This is Bill Cunningham: an old man in a blue smock who stands every day on the streets of New York taking pictures of passers-by. This is Bill Cunningham: the producer, since 1979, of the “On the Street” column in The New York Times, a photographic record of the city’s fashion life, and the subject of the 2010 documentary Bill Cunningham: New York. This is Bill Cunningham: tall, thin, boyish, 83 or thereabouts, painfully shy, inflexibly principled, secretive, sweet. His eyelids flutter. His face flickers between joy and pain. He smiles beatifically when he thinks of beauty.
He lives a life of almost unbelievable simplicity. His apartment (until he was forced to move a couple of years ago), was a small studio in Carnegie Hall filled almost entirely with filing cabinets. (They hold every photograph he’s ever taken.) There was no kitchen, no closet, no bathroom. He slept on a cot—not even a cot, a board—and hung his few clothes on the handles of the filing cabinets. He doesn’t go to the movies, doesn’t watch television, eats at the office or a diner, and gets around on bicycles (which keep getting stolen). What he does is work: out on the street every day, then in the evening at a function or two (he also does a society column), topped off by a downtown event, perhaps, to catch the more exotic creatures of the night.
He was born in 1928 or ’29. He says his family was working-class, but he dropped out of Harvard and his accent sounds patrician. He doesn’t seem to have a personal life. He treats everybody the same—drag queens, socialites, people on the street. He moves among wealth and glamour without being touched by a desire for either. “You see, if you don’t take money,” he says in the movie, “they can’t tell you what to do, kid. That’s the key to the whole thing.” His only love is beautiful clothes. He’s a “slob,” he says, searching for “stunners.”
Later on, we see him in Paris. The famous blue smock, it turns out, is the uniform of the Parisian street sweepers—the lowest of the low, as it were. He is being inducted as an Officer into the Order of Arts and Letters. At the reception, he wears a blue smock and takes pictures, as if it were somebody else’s event. The man who will bestow the award tells the camera, “He doesn’t want to be honored. He doesn’t want anything. Very deeply, I think, he doesn’t believe he deserves it.” Accepting the award, Cunningham says, “It’s as true today as it ever was: He who seeks beauty”—his voice begins to break—“will find it.”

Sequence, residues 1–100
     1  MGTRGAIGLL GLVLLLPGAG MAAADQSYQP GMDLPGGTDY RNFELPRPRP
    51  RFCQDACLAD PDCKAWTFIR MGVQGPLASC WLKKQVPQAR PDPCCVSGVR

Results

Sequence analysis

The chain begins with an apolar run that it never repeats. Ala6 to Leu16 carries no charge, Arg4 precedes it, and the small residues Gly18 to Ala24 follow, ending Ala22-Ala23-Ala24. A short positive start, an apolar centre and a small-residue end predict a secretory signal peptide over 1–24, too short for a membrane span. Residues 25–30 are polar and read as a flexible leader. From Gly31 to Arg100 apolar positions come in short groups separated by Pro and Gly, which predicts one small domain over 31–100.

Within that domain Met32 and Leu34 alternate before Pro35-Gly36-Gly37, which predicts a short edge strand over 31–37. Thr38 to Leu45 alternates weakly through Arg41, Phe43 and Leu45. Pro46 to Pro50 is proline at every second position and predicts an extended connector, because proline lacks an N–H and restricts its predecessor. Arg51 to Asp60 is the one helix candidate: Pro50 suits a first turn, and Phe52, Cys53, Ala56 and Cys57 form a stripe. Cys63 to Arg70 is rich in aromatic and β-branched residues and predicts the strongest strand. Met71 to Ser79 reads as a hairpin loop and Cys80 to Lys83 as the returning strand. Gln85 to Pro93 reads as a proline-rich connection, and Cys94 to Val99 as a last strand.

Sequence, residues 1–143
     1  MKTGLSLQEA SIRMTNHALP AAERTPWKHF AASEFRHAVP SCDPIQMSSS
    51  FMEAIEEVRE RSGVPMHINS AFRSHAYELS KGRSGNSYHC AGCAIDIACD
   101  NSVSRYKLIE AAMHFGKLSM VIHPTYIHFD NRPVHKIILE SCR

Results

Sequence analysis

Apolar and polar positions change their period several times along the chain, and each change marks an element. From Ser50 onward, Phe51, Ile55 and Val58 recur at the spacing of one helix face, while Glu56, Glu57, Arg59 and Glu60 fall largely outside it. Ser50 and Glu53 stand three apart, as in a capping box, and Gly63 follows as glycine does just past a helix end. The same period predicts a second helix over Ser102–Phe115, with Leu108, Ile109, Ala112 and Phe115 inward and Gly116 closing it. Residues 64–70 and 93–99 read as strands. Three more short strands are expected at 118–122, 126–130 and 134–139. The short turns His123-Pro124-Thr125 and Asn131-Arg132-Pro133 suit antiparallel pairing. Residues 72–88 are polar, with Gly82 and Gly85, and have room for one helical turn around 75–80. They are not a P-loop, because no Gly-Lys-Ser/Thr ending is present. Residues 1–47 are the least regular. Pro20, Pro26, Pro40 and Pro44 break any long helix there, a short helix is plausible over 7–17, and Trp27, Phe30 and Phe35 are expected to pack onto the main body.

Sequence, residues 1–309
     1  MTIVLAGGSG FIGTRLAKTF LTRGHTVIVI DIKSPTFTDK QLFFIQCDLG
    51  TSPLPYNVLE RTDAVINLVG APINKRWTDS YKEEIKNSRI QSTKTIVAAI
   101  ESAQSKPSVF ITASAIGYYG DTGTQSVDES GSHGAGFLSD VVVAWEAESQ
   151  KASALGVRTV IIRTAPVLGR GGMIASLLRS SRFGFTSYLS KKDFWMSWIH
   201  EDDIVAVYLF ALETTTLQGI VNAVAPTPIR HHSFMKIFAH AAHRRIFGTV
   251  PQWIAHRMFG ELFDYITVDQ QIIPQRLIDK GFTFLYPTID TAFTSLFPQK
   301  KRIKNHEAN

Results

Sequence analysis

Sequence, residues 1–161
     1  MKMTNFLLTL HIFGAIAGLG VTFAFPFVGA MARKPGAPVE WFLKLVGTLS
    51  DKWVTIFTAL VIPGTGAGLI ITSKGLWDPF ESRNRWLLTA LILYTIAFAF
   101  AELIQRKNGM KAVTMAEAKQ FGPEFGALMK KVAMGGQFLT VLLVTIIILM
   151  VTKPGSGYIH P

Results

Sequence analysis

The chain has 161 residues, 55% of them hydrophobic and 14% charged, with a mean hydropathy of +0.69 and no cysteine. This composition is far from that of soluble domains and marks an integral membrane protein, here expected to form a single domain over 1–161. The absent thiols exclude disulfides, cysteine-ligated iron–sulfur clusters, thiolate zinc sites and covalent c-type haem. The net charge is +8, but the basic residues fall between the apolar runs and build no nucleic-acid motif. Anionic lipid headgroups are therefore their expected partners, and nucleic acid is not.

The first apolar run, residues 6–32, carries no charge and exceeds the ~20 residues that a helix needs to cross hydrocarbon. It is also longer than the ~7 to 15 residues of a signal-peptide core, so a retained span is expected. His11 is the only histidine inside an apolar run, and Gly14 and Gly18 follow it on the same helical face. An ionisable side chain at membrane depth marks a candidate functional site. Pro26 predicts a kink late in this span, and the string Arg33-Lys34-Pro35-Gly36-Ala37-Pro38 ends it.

The French appear to think that he’s an artist. I think he’s something else. The asceticism, the self-erasure, the monkish cell and monkish habit, the deep humility and high principles, the otherworldliness: this man has shown me what it means to be a saint. It’s not about morality; it’s about devotion to the absolute. He doesn’t create beauty. He does exactly what he said: he goes out and seeks it. He chases epiphanies; he waits for visions. He enacts a purity the world does not possess. He insists on God.
Late in the film, the director asks him two questions. The first is the one we’ve been waiting for. “Have you ever had a romantic relationship?” Cunningham laughs: “Do you want to know if I’m gay?” He’s coy, but the answer appears to be yes. As for the original question, that answer is no, never. “You do have body urges or whatever. You control it as best you can.”
Then comes the second question. “I know that you go to church every Sunday”—Cunningham drops his head, and stricken, seems to give a sob—“and religion, is that an important part of your life?” Cunningham keeps his head down, face frozen, for nearly 30 seconds. You almost think he’s going to stay like that until the crew packs up and leaves. At last he simply says, “It’s something I need.”